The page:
Arizona’s jobless rate dropped two-tenths of a point last month, to 6.7%, as the state continues to recover from the COVID-19 economic slump. In Gila County, the rate dropped from 7.3% to 6.7% last month.

New figures from the state Office of Economic Opportunity show the private sector added 15,100 jobs between February and March. But that still leaves employment in non-government jobs nearly 65,000 below where it was a year earlier.

The willingness of people to go out is having an effect, with bars and restaurants hiring another 3,700 workers last month. In fact, the most recent figures for Arizona from OpenTable, which tracks seated diners from online, phone and walk-in reservations, are 6.6% higher than they were at the beginning of the pandemic, though Doug Walls, the agency’s labor market information director, pointed out those numbers have been very volatile.

There also were some month-over-month gains in employment at amusement and theme parks as well as by sports teams and clubs as they, too, start to reopen.

But Arizona’s hotel and resort industry remains in the financial doldrums, picking up just 400 jobs last month. And that leaves it nearly 36% below employment levels from a year ago.

Some of the industry’s recovery may be linked to when people are willing to travel again.

The Transportation Security Administration reported more than 1.56 aircraft boardings nationally as of April 11, the most recent figures available. While that is a world of difference from when it dropped to just 104,090 last April, it still falls far short of the nearly 2.2 million passengers recorded just a month before that, right as the pandemic hit hard.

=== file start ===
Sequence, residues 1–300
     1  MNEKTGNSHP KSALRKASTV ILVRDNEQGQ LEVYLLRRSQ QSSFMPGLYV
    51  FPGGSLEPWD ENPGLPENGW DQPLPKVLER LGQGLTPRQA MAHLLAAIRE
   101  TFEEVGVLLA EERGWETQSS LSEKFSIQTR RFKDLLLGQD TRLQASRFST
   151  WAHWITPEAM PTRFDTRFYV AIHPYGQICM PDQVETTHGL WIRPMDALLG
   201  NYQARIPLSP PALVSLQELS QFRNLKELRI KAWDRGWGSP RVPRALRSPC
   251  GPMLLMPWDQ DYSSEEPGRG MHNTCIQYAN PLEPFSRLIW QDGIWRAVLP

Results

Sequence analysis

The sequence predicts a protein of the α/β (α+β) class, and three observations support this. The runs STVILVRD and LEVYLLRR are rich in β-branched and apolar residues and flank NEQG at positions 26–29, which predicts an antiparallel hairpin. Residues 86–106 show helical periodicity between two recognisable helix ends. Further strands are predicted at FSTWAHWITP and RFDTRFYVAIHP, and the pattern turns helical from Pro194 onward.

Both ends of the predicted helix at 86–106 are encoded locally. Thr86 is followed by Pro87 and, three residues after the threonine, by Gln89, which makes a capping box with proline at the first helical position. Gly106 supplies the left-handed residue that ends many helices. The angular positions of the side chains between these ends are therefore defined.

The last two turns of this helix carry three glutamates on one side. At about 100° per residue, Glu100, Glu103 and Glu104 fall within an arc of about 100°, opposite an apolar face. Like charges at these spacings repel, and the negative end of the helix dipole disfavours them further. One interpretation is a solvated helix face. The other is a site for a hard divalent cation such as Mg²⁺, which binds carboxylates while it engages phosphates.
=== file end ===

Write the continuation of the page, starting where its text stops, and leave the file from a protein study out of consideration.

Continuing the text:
Walls said that full recovery for the accommodation industry may take a while.

One bright note, he said, is that the number of jobs being created appears to be keeping pace with the number of people entering the workforce.

Arizona recorded a 1.8% growth in population. By contrast, the figure for the United States was just 0.4% amid falling birth rates and declining international migration.

Helping the situation here is that it appears to be a popular destination for people moving from elsewhere.

U-Haul reported earlier this year that, based on rentals of its trucks and trailers, Arizona was the No. 5 destination last year, behind Tennessee, Texas, Florida and Ohio.

Overall, Arizona has recovered only 226,900 of the 331,500 jobs it lost since the recession began. That’s a recovery rate of 68 percent compared with 62 percent nationally.

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